Farms that I have personally visited:
Atticus Farm | West Shokan, NY
CSA and pickup: pork, microgreens, flowers
This was my first extended farm experience. I was lucky enough to be connected to Kyle Jaster shortly before he started this idyllic pastured pig operation in the Catskills. He was kind enough to let me spend a week there helping around the farm, and I learned a ton. He’s one of the farmers whose thinking I really agree with and is doing some really cool things in his community. His pork is ridiculously good. I pray to one day try the prosciutto.
Free Hand Farm | Placerville, CA
Pickup: raw milk, beef, lamb, pork, eggs
What a family. Spencer and Melissa Tregilgas are raising four adorable kids on this fairytale farm. They make it look easy, with a flock of sheep in a beautiful landscape that made me think I was dreaming. They manage a herdshare program, raising dairy cows and sheep for the members who come and pick up their shair of the milk. When the animals are past their milking life, they are harvested for regenerative meat. This is such a cool operation, and I learned a ton from Spencer and Melissa in just one afternoon. There’s also an outdoor stage in the broader land cooperative where they host occasional performances.
PT Ranch | Ione, CA
Pickup: lamb, chicken, duck, turkey, olive oil, honey, lavender
I drank raw milk for the first time at this farm after learning to milk a cow on the tour. Emily and Molly Tayor, an unstoppable mother-daughter team, are building out this regenerative ranching operation with gusto. They have a really cool hospitality component, with retreats and a speaker series. Emily has a background in interior design and it shows. They turned an old granary into a charming workspace/meeting room that puts any Brooklyn loft or trendy coffee shop to shame. I stayed for a weekend and it was blissful.
TomKat Ranch | Pescadero, CA
Sold through LeftCoast Grassfed: beef
Kathy Webster, the farm’s Food Advocacy Manager, hosted me on a visit to this ranch in Central California. I got a tour of the farm, met the ranch manager and a few employees, and watched them round up the herd. They are a research-heavy farm, working with Point Blue to monitor ecological function and the effects of their land management practices. It’s a beautiful farm with rolling green hills, not too far from oceanside cliffs where you can see cows grazing on a neighboring farm. A picturesque drive to pick up some regenerative beef.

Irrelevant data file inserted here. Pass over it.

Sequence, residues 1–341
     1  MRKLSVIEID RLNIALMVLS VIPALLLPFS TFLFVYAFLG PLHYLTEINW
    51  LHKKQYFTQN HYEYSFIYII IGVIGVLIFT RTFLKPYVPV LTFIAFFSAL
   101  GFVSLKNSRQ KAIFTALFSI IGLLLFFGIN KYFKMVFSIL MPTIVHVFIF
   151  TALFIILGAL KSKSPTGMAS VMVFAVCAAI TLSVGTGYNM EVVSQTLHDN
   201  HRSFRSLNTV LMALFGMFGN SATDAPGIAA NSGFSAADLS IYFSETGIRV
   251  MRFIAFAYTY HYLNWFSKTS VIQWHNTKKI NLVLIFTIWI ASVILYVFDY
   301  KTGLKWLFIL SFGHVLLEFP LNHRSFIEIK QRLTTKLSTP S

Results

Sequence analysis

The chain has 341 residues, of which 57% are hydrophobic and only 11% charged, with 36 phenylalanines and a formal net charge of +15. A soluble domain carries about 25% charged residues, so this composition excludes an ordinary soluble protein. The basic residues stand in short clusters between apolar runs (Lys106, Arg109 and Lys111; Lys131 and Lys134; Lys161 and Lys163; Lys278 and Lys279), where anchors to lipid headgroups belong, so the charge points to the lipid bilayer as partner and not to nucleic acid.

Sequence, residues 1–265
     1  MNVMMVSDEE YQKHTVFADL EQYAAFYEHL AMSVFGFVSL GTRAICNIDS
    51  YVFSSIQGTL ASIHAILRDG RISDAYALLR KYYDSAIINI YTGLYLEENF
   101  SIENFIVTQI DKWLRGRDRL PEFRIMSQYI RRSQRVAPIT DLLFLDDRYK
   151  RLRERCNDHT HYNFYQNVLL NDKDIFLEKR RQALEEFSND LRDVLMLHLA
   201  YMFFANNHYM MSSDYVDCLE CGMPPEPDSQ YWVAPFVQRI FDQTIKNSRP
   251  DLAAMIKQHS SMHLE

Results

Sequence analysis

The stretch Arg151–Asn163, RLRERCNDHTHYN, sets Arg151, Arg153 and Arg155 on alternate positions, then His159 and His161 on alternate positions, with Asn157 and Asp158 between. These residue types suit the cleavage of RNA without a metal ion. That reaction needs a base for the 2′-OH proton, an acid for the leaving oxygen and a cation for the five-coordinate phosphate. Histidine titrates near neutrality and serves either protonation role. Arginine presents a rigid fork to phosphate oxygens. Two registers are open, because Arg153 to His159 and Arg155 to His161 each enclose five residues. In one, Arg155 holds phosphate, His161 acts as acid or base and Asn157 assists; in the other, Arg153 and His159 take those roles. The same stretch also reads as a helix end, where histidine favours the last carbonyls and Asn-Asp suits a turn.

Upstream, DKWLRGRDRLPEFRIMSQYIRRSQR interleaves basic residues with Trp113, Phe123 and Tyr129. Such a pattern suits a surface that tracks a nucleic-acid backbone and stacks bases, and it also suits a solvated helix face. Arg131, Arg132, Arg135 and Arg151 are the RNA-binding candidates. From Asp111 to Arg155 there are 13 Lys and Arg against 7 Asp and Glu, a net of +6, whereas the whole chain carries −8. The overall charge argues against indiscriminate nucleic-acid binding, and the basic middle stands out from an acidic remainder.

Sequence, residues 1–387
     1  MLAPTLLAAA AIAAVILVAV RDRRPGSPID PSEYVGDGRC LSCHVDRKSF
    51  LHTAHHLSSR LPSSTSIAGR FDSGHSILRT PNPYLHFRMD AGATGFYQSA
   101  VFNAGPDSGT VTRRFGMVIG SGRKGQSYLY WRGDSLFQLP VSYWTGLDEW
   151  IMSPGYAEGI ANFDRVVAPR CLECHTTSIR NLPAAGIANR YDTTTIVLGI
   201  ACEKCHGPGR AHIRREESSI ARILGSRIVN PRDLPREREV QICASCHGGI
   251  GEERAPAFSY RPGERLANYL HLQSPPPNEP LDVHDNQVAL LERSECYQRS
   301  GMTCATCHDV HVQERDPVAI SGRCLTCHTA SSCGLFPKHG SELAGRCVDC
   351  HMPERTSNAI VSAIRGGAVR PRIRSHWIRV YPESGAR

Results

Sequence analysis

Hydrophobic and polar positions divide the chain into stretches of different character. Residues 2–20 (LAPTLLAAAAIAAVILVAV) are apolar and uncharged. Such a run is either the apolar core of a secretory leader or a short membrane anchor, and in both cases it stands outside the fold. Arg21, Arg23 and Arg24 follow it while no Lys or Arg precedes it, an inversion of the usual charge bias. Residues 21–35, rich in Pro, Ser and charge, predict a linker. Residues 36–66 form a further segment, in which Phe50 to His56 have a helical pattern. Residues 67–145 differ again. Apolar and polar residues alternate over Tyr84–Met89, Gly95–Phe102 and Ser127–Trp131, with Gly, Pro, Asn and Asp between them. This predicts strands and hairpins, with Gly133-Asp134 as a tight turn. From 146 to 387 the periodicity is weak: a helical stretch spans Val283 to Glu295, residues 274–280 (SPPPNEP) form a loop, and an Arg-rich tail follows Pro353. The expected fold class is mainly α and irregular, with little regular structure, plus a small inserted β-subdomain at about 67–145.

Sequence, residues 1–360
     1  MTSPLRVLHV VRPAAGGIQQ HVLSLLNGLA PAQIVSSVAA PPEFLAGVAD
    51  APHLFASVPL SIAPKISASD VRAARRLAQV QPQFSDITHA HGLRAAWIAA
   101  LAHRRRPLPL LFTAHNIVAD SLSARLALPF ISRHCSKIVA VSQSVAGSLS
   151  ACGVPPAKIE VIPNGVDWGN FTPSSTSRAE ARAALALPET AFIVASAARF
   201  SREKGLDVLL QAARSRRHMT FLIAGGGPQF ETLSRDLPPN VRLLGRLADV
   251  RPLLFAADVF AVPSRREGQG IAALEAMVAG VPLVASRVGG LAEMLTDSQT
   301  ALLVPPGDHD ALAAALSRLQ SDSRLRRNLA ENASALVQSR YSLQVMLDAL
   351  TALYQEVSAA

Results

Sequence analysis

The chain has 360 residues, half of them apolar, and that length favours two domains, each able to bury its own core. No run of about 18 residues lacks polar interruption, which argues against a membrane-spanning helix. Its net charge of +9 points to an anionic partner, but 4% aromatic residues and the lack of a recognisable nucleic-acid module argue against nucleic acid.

White Buffalo Land Trust | Summerland, CA
Ships nationwide: persimmon vinegar
I visited their first location, primarily a demonstration and education site near Santa Barbara, where I learned so much about compost and the fascinating complexities of microbial life. My visit there started me down a rabbit hole that I’m still making my way through, and it opened my eyes to the incredible possibilities of harnessing microbes to turn our waste into black gold. They are developing a project to turn 1,000 acres in Jalama Canyon Ranch into a regenerative farm and education, training, and research center. You can support this effort by donating or buying their persimmon vinegar, sourced from regenerative farms in Central California.
White Oak Pastures | Bluffton, GA
Ships nationwide: beef, pork, lamb, goat, rabbit, chicken, turkey, duck, goose, guinea, eggs, honey
This is where I did my field internship and where I currently live and work. If you don’t know about us and Will Harris, you will soon. He’s one of the pioneers at the forefront of regenerative agriculture. We sell almost every meat under the sun, all regeneratively raised on open pastures, plus tallow candles and beauty products, leather goods, and pet treats as part of our zero-waste production model. Our meat is saving the world, literally. A third-party study found our beef to be carbon negative. We’re also doing really cool things like raising Iberian hogs to make Jamón Ibérico and providing managed grazing to a solar ranch to produce regenerative energy. The best part - we raise, slaughter, butcher, pack, and fill orders all from the farm. You won't find that anywhere else.
On my list to visit or other farms I trust:
This extended list includes farms where I've met the farmer, spoken to them, or they have the stamp of approval of someone I trust.
Clemmons Family Farm | Charlotte, VT
Arts and heritage site
Fogline Farm | Soquel, CA
Delivers in Santa Cruz and to various pickup locations: pork, chicken, eggs
Pajaro Pastures | Corralitos, CA
Sells at several surrounding farmers markets: eggs, vegetables, fruit, goat, lamb, pork
Studio Hill Farm | Shaftsbury, VT
Delivers locally (within 25 miles): chicken, honey, candles, soap, sheepskins
Sylvanaqua Farms | Montross, VA
Delivers locally (DC, Richmond, Charlottesville metro areas): chicken, eggs, pork, beef
More farms coming soon! Compiling all this has proven a bigger task than I expected.
The lens through which I evaluate farms is shifting as I learn more about agriculture and the realities of the industry. You can read more about that here. If you're not already on the list, sign up below to follow along the learning journey.
Updated: November 11, 2021